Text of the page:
Coping and carrying on

Gretchen's vision started failing in fall 2022. She had managed the bakery for a little over two years; the fitness center had closed by then – it got to be too much to operate a bakery and a fitness studio and develop a retreat center for pastors. Her eyesight had been getting "blurry and blotchy" for a while. Then, on Labor Day weekend, she and Mike took their sons fly fishing in Arkansas. 

"There's a picture of us all standing together, in our waders and stuff," Mike said. "It was right after that, that her vision went out."

"I had no idea what was going on," Gretchen said. "It scared me."

They had no choice but to close the bakery. But they were delighted when the associate pastor at The Bridge, Russ Mathews and his wife Pam, stepped in to take over the business. 

"They're doing a good job with it," Mike said last week. "They just had a Valentine's dinner, and 22 people came out for it."

As soon as possible, Gretchen scheduled an appointment with her eye doctor. "He couldn't figure it out and sent us to a specialist. They couldn't figure out what was going on either," she said.

Mike and Gretchen have been to more specialists since then and found no answers. The problem is apparently not in her eyes, themselves. She has diabetes, "but that's in check. It's not that," she said. 

And it's not related to her transplanted kidney or to a stroke. Ironically, in the 17 months since Gretchen lost her eyesight, there have been two days when she could see again. One of those times occurred while they were at an appointment with a stroke specialist. 

They continue to seek medical advice – next at the University of Kansas Medical Center. 

There are days when Gretchen can see "the outline of things – trees and things like that," she said. Other days she has very limited tunnel vision, and for that she still wears glasses. "I've had someone say, 'You're not really blind because you're wearing glasses.' But they just don't understand," she said.

Some days she wakes up and "can't see anything. It's totally black," she said. "That's a hard day."

Their son Aaron, who worked at the bakery with Gretchen, now has a new job. During the day, he's his mother's companion and helper. "I call him my Seeing Eye Aaron," Gretchen joked. 

"I pay him, and I tell him, 'I'd like you to take your mom out every day on a field trip.' They go to Branson, Ava, Mountain Home. Just to get out of the house. I text them a grocery list," Mike said. 

They especially like going to the Walmart store in Branson because it has a "Caroline Cart" that accommodates a seated adult and also has a basket for merchandise. "It's kind of neat," Mike said. "When they walk in the door, the store people recognize her and bring it out for her."

Each morning before he leaves for work, Mike lays out Gretchen's clothes for the day. And he says he's becoming good at "shopping the women's clothing aisles." He was especially proud of himself when he took Gretchen to a nail salon for a manicure and picked out purple nail polish that "exactly matched her fishing rod."

He's also becoming familiar with all the businesses in the area that have family restrooms, he said.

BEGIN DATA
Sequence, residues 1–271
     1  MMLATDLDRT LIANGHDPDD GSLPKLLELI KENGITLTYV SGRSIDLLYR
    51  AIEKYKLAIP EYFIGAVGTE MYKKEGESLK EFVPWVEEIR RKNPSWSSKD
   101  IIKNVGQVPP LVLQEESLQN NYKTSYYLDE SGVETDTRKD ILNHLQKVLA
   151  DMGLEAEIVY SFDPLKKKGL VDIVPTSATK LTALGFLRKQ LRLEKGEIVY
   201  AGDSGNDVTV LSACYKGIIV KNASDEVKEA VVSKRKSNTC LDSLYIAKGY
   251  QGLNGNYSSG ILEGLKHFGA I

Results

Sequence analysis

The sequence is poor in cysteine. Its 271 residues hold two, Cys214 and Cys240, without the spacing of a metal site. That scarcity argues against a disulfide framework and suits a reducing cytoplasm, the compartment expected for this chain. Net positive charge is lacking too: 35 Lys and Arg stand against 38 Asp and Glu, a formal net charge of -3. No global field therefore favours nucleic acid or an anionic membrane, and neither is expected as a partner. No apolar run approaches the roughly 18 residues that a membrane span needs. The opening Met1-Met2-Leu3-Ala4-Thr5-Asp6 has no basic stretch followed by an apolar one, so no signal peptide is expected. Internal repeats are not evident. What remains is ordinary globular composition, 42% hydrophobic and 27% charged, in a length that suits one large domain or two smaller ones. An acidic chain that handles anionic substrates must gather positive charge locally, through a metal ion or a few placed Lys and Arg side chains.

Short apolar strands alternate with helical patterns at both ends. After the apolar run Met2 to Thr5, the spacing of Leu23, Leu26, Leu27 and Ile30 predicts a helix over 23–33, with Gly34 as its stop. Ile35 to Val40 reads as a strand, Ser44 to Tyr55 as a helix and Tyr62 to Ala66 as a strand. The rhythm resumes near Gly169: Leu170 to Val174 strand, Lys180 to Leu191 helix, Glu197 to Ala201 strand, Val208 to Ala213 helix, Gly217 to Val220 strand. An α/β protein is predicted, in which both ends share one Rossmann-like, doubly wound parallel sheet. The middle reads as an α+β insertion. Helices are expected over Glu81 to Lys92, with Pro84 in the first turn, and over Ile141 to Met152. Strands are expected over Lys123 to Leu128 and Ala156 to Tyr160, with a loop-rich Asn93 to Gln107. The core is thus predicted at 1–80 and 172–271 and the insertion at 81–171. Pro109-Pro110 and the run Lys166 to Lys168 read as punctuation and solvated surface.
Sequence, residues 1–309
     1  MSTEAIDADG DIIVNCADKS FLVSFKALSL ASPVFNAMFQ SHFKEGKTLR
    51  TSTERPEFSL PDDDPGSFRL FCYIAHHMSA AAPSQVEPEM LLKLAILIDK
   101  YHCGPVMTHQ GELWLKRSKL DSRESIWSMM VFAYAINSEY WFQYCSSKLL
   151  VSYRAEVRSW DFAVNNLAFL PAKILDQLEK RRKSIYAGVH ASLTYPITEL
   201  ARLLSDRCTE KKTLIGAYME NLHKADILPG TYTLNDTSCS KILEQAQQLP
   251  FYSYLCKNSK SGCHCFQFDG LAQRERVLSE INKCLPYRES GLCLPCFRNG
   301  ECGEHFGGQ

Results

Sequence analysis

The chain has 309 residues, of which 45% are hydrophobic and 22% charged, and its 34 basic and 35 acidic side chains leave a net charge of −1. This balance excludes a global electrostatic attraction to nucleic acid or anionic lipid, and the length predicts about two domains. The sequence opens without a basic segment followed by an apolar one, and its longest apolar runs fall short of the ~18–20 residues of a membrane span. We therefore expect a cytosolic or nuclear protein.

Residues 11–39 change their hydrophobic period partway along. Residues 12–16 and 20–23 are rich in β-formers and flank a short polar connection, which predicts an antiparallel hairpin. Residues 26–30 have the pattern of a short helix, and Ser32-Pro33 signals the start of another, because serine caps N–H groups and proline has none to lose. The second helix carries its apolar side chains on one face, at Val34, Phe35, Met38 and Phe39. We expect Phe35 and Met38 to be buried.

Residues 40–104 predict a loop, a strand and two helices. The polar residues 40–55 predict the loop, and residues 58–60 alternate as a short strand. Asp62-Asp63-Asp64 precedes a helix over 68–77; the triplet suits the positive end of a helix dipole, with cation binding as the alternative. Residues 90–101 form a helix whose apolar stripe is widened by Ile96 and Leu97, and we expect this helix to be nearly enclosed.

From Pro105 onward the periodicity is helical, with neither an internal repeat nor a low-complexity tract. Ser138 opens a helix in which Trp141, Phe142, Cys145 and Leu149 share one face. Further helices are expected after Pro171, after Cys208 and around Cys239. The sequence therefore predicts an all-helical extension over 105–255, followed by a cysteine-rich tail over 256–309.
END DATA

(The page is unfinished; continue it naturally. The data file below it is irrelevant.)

The Hatchers still enjoy going out to eat. They head to Country Apron Bakery some Saturday mornings. But Gretchen is bothered by the sound in large restaurants where too many people are talking. And although she can feed herself, Aaron has outlawed salads. "He says I make too big a mess," she said, laughing. 


'OK, God, what are you doing?'

Married 34 years, Gretchen and Mike are a team. Mike tells Gretchen she "could veto anything I do." And when she tells him, "I believe God's speaking to you," he listens. Now they're coping as a team with Gretchen's blindness. 

"When she first went blind, we were at the altar every Sunday at church," Mike said. "I know a miracle can take place. I've come before the Lord and said, 'I don't understand this. The Bible says you anoint with oil and lay hands on the sick, and they should be healed, and we've done that.'"

But healing hasn't come. Gretchen's vision hasn't returned. They still go to the church altar to pray for healing but not so often now. "I think it depressed people," he said. "They think, 'Why doesn't he answer?'"

"I think I cried once or twice, and that was out of frustration," Gretchen said. "When I want something done, I want it done now. But I've learned to cope. I tell myself, 'I could wallow and cry, but what good would that do me?'"

What she wants now is to learn God's purpose in taking away her sight. "I say, 'OK, God, what are you doing?'" she said.  

Mike likens it to the television reruns they watch. Gretchen prefers the old, familiar shows because she recognizes the voices and knows who's talking. 

"We went through "The Waltons," and now we're watching "Little House on the Prairie," and I've thought about this. There's always some adversity they have to go through. There wouldn't be a story if there wasn't that story," he said. "We don't know what the end result will look like for us, but we're praying that God uses Gretchen's blindness like Jesus used his healing of the blind man in the Bible – to show the glory of God." 

Ozark County Times

504 Third Steet
PO Box 188
Gainesville, MO 65655

Phone: (417) 679-4641
Fax: (417) 679-3423